Meditation in Motion – My Healing Hula Lesson

May 22, 2010

Sometimes I am mesmerized by my hula teacher’s hands. They move with such grace and fluidity, offering no resistance to the aloha spirit that moves through them. Although I relaxed early on into the body movements of hula, I’ve had a challenge with my hands.  Despite repeated reminders that the hands should move from the wrist, my hands would seemingly stiffen up and refuse to follow. I felt so awkward, not to mention frustrated!

At yesterday’s lesson, my teacher danced very close to me, demonstrating with her hands as I watched in awe. I wondered how anyone’s hands could move so beautifully and effortlessly. I hoped that maybe, just maybe, I would catch on through “osmosis” as she danced close to me. At one point, she held my wrist and moved my hand for me. I started to feel the right movement. My hands cooperated for a while, only to get quickly “blocked” again.

Once back home from the class, I started to practice in front of a mirror. I did an exercise of slowing waving my arms up and down at my sides, allowing my hands to follow the movement of my wrists. I then placed my arms in position for the basic kahalo step. Suddenly something clicked – a split second before I started to move, an “aha” happened in my brain. The right synapses must have started to fire, because I saw my hands in the mirror undulating like waves, effortlessly, as I started to dance! It was like a frozen river that unfroze and started to flow.

It felt so easy and natural for my hands to move that way. What on earth was stopping them before? As I tuned into the feeling of inhibition that had been in my hands, I remembered how my mother had always tried to get me to stop moving my hands. I am by nature a very expressive person. When I hear music, I can’t sit still. My mom found that trait charming when I was a baby bouncing up and down in my crib singing “hubba hubba hubba” to the music, but later she felt she needed to teach me restraint. What particularly worried her was my tendency to gesture with my hands while talking. I would be enthusiastically describing something, hands moving all around, and she’d say “Mary, stop that, stop moving your hands!” She had explained that a refined, lady-like person doesn’t do that. (Heaven forbid I should grow up to be unladylike!) This irked me no end, but I somehow took her words to heart. Although I was never able to stop moving my hands entirely, they had been quite well “tamed”.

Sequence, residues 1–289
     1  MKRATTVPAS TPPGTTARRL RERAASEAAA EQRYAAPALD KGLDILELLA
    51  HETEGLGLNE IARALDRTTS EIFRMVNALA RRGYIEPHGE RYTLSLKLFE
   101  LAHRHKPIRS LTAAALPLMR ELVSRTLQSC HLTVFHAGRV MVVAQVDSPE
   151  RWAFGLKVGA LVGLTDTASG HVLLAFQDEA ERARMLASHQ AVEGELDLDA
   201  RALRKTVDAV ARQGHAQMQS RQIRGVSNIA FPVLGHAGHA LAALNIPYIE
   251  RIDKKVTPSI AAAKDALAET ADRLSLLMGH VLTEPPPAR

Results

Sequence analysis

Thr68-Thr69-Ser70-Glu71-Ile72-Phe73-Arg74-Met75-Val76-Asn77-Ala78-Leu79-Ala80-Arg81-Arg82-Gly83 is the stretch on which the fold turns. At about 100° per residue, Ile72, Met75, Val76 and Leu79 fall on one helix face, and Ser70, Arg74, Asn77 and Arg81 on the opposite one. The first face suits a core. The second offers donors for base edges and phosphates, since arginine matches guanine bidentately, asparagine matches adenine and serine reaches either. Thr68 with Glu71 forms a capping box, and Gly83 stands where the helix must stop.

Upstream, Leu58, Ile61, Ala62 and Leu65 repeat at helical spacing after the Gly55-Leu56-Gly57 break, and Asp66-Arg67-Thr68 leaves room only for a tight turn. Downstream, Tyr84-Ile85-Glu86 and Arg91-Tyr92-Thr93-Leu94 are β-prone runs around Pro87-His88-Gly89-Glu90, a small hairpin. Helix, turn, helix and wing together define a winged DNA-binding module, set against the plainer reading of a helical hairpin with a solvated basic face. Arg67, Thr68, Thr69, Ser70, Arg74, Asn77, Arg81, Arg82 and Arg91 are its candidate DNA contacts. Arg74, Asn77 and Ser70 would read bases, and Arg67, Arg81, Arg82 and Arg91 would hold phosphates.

By now the origin of my hula hands block must be obvious. Allowing my hands to move so freely wasn’t something I could easily do. It involves a kind of letting go. It’s a lot like the letting go of meditation. In meditation, we let go of resistance to what comes naturally. We learn to let go of resistance to the natural movement of the mind. In hula, it’s about the natural movement of the body. The traditional hula hand movements are natural and flowing, like the nature they depict.

My teacher has mastered hula with her whole being. Although she may give instructions, her most powerful teaching is from embodying hula. When my teacher danced right next to me, I absorbed something at a deep intuitive level about how she moved. It was as if the “aloha spirit” was being transferred from her to me.